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CRITICAL AND PRACTICAL
BOOK OF COMMON PRAYER,
AND ADMINISTRATION OF THE
RITES AND CEREMONIES OF THE CHURCH,
ACCORDING TO THE USE OF THE
United Church of England and Ireland.
BY THE LATE .
MINISTER OF PATTISWICK, ESSEX,
WITH A BRIEF MEMOIR OF THE AUTHOR.
Turpe est viro id, in quo quotidie versatur, ignorare.— DURAND.
say and do in God's Worship.-ABP. SECKER.
PRINTED FOR C. & J. RIVINGTON,
ST. PAUL'S CHURCH-YARD,
GEORGE, LORD BISHOP OF LINCOLN,
WITH A DEEP SENSE OF HIS CONDESCENSION AND KINDNESS
IN PERMITTING THIS DEDICATION;
WITH THE MOST SINCERE RESPECT FOR HIS
PUBLIC AND PRIVATE CHARACTER;
AND WITH THE WARMEST GRATITUDE FOR THE PATRONAGE
WHICH HIS BENEVOLENCE HAS CONFERRED
AND THE LIBERALITY WHICH HIS EXAMPLE HAS EXCITED
IN BEHALF OF THE AUTHOR'S FAMILY;
THE WORK OF THEIR LAMENTED FATHER,
ARE ACCORDING TO HIS REPEATED WISH
MOST DUTIFULLY INSCRIBED.
MEMOIR OF THE AUTHOR.
John SHEPHERD was born in 1759 at Goderthwaite in Cumberland, where his father possessed a small estate. He had the misfortune to lose both his parents before he attained his eighth year; a loss, which neither the fostering influence of an elder sister, nor the faithful care of his guardians could adequately supply. Having made a considerable proficiency in classical and mathematical learning under the auspices of the Rev. Dr. James of Arthuret near Longtown, he was admitted Commoner of Queen's College Oxford in the year 1777 ; became Bachelor of Arts in 1781, and Master in 1787.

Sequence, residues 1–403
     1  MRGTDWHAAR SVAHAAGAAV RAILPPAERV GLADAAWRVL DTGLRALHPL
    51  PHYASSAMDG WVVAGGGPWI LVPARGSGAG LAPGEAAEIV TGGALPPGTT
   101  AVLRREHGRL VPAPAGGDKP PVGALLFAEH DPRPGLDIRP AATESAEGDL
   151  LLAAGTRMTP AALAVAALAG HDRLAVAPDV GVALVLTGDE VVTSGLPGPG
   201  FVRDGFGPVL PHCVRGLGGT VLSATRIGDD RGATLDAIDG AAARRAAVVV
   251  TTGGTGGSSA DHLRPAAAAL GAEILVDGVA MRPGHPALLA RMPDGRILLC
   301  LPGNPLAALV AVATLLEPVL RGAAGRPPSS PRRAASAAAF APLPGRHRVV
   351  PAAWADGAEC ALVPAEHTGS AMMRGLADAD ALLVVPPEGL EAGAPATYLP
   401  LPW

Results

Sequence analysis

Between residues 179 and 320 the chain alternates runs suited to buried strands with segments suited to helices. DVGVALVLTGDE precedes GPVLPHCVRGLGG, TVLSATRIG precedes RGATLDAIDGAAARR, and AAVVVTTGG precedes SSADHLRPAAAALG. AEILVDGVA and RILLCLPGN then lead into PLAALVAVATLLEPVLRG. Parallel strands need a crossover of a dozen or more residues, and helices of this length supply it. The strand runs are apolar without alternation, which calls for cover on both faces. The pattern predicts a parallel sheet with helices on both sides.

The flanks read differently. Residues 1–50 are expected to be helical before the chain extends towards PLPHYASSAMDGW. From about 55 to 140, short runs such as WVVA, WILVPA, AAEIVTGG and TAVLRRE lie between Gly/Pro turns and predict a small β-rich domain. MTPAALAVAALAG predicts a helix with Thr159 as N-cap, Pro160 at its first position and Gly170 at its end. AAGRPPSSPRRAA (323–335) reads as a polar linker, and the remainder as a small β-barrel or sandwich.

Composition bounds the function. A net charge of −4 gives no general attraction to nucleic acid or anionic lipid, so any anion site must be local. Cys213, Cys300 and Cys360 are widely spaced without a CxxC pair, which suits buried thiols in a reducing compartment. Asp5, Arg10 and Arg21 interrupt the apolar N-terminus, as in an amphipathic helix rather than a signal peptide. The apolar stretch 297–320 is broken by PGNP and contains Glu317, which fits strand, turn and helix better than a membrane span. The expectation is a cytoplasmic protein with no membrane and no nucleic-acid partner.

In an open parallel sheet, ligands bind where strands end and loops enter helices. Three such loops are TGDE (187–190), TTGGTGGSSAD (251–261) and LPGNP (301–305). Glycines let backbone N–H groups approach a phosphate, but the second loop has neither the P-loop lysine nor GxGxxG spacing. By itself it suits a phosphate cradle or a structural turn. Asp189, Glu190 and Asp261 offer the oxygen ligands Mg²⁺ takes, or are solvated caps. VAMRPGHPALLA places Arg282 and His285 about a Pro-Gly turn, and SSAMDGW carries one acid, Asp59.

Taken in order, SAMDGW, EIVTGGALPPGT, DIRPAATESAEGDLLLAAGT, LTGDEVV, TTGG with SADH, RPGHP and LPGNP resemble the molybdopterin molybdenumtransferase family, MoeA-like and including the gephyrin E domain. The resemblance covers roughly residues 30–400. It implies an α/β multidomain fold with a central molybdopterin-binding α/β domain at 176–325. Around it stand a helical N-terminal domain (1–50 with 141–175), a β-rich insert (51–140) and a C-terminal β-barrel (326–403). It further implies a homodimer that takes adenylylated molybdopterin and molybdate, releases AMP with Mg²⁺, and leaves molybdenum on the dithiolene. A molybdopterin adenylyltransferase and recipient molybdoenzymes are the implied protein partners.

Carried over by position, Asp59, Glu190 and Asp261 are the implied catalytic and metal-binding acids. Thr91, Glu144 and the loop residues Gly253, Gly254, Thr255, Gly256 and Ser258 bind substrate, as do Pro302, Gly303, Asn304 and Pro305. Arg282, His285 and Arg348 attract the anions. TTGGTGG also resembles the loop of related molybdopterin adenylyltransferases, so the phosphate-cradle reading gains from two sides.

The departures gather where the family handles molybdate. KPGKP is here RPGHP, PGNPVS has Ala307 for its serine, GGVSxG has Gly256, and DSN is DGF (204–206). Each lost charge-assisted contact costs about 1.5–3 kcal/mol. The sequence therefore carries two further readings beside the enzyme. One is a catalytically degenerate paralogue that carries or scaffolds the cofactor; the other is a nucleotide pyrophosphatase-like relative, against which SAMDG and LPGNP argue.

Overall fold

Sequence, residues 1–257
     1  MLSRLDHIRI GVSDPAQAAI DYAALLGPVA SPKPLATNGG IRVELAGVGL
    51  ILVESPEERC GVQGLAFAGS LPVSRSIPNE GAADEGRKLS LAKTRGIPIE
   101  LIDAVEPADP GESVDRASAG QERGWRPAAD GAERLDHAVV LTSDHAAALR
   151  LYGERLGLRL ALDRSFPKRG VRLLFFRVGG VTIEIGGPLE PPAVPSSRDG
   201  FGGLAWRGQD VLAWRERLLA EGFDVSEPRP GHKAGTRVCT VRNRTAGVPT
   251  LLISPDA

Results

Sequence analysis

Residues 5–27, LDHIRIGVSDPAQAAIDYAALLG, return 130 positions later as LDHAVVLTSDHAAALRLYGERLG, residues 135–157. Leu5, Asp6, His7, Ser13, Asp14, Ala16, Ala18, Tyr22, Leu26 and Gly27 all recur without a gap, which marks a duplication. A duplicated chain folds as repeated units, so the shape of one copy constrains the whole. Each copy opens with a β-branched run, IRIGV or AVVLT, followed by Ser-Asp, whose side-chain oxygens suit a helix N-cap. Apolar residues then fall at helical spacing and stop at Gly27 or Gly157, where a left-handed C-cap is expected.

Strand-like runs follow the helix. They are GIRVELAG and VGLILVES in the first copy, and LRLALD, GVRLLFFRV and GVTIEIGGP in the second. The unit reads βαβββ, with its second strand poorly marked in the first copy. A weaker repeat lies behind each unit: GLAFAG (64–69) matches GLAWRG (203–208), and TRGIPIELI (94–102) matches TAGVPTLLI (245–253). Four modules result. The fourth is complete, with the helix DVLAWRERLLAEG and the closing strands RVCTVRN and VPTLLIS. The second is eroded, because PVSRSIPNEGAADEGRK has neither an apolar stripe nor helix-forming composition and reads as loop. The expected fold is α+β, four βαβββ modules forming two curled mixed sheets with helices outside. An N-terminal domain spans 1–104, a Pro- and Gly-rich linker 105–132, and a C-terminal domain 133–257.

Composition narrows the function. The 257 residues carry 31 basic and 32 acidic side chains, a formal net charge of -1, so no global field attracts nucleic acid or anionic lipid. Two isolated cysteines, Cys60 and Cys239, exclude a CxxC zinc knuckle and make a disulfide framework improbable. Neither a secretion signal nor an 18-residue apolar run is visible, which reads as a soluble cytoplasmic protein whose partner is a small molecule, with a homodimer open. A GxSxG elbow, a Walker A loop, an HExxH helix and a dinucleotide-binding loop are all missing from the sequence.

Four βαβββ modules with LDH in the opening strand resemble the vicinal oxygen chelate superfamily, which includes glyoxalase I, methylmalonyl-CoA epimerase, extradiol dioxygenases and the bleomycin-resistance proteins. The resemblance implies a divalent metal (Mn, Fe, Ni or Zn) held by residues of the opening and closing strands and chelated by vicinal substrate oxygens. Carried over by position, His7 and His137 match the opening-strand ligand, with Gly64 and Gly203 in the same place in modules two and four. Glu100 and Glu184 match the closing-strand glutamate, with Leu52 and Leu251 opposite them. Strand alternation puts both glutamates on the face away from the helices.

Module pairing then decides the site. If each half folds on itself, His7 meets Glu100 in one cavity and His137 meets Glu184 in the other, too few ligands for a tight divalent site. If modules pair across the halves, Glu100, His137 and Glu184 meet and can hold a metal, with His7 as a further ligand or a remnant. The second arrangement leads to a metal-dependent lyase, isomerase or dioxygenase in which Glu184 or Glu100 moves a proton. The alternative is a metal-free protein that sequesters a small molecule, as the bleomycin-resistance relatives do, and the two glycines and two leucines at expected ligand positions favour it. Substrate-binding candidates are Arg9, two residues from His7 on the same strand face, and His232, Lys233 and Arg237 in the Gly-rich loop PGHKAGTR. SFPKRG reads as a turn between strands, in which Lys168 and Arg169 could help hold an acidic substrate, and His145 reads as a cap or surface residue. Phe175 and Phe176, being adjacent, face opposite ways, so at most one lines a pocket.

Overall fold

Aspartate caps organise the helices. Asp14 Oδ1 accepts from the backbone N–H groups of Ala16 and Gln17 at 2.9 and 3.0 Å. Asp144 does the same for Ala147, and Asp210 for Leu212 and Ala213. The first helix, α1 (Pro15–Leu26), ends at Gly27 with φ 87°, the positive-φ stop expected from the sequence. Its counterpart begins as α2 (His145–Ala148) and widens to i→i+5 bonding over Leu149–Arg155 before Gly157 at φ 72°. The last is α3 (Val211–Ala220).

From his early youth he had shewn a strong and decided preference for the clerical profession; and during his residence at the University, he not only attended the Lectures of Dr. Wheeler the Divinity Professor, but directed his chief attention to those studies which were to qualify him to fill and to adorn the ministerial Office. Amongst these, it may not perhaps be useless to mention, that he took much pains to improve himself in elocution : and to this practice was in a great measure owing the superior excellence which he afterwards attained in the performance of Divine Service. He was ordained Deacon in 1782, and Priest in 1783. At this time he married Frances Benson, niece of his much respected guardian, Mr. John Benson of Egremont in Cumberland ; a lady of personal accomplishments, which neither time nor misfortunes have been able to efface; and of a disposition particularly meek, cheerful, and benevolent.
Early in the year 1785, after various professional engagements in the country, Mr. Shepherd was called upon to un